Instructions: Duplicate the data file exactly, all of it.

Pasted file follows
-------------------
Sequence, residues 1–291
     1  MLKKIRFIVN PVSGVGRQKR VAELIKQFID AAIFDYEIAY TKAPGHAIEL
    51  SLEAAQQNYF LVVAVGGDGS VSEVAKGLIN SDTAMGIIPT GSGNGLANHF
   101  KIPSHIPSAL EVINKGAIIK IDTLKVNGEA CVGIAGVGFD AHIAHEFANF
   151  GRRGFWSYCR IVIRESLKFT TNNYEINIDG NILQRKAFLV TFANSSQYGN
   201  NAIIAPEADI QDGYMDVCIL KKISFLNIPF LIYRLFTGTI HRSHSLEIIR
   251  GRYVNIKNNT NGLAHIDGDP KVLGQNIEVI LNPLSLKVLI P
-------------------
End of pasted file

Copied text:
Sequence, residues 1–291
     1  MLKKIRFIVN PVSGVGRQKR VAELIKQFID AAIFDYEIAY TKAPGHAIEL
    51  SLEAAQQNYF LVVAVGGDGS VSEVAKGLIN SDTAMGIIPT GSGNGLANHF
   101  KIPSHIPSAL EVINKGAIIK IDTLKVNGEA CVGIAGVGFD AHIAHEFANF
   151  GRRGFWSYCR IVIRESLKFT TNNYEINIDG NILQRKAFLV TFANSSQYGN
   201  NAIIAPEADI QDGYMDVCIL KKISFLNIPF LIYRLFTGTI HRSHSLEIIR
   251  GRYVNIKNNT NGLAHIDGDP KVLGQNIEVI LNPLSLKVLI P